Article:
A report has revealed the Government is aware its programmes have been doing very little to help children out of poverty.
Radio New Zealand reported the Government received advice showing its child poverty policies would do little in the short to medium term.
The advice came before a $25 increase in benefits for families was announced in this year's budget.
The paper was written by the Ministry of Social Development in February 2013 in response to the Children Commissioner's expert advisory group report on child poverty, Radio New Zealand reported.
The paper stated the Government had a credible and wide-ranging programme to address poverty - but said in the short to medium term this was unlikely to result in a reduction in child deprivation.
It read: "However in the short to medium term this programme is not likely to result in a large reduction in measured child poverty using an income or material depravation basis. Recent experience with the working for families package has shown that it is possible to achieve significant direct reduction in poverty, but doing so requires significant additional investment."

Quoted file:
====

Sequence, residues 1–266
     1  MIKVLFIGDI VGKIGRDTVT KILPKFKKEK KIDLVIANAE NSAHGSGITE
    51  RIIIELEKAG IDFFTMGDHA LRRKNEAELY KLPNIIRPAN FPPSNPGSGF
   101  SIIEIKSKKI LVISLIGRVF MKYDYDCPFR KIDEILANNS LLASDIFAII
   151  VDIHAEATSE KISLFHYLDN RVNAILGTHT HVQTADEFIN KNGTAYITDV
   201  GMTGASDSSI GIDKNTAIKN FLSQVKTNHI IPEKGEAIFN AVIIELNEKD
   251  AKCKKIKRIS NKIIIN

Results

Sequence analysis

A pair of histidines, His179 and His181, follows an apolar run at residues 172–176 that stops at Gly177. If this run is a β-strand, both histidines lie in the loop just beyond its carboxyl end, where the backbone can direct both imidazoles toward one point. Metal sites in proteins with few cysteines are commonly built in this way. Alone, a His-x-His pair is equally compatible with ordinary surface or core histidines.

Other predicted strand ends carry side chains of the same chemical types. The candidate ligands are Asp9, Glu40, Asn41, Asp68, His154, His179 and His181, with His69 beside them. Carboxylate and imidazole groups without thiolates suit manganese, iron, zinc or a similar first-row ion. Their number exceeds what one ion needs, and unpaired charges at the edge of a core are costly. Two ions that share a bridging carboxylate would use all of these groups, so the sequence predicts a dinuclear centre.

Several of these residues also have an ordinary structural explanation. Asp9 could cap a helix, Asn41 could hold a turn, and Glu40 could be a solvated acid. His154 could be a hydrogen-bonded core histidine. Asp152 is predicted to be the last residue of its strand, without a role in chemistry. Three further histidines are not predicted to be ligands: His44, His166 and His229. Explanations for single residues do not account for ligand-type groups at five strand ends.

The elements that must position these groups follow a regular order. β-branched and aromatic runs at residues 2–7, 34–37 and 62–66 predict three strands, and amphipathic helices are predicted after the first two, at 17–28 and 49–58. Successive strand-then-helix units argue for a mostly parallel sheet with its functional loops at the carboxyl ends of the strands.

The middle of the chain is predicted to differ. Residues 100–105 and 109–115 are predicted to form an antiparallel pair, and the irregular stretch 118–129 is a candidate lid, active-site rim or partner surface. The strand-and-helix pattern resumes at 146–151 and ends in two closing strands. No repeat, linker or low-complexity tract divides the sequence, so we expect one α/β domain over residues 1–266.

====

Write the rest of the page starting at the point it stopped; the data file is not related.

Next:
Despite this, advisers did not recommend that families be given more money, although officials did note that benefit cuts in 1991 had had made it harder for many families, Radio New Zealand reported.
The broadcaster said it requested the paper under the Official Information Act in 2013, but did not receive the information until October last year. The paper contained several deletions.
When the broadcaster once again requested the papers, following the announcement of this year's budget, information was once again withheld, although the new information revealed today was included.
Green Party social development spokeswoman Jan Logie said the Government chose to hide the fact its policies weren't going to solve poverty because it did not want to raise low wages or benefits.
"This deception has kept families in poverty, and led to children and other vulnerable Kiwis going without the basics like food and warm homes."
Ms Logie said a "paltry" $25 increase in benefits, announced in the Budget, was not enough to lift children out of poverty.
"Much of this increase will be clawed back through abatements to other benefits. If the Government was serious about raising low income, it would ensure that families got to keep the full $25," she said.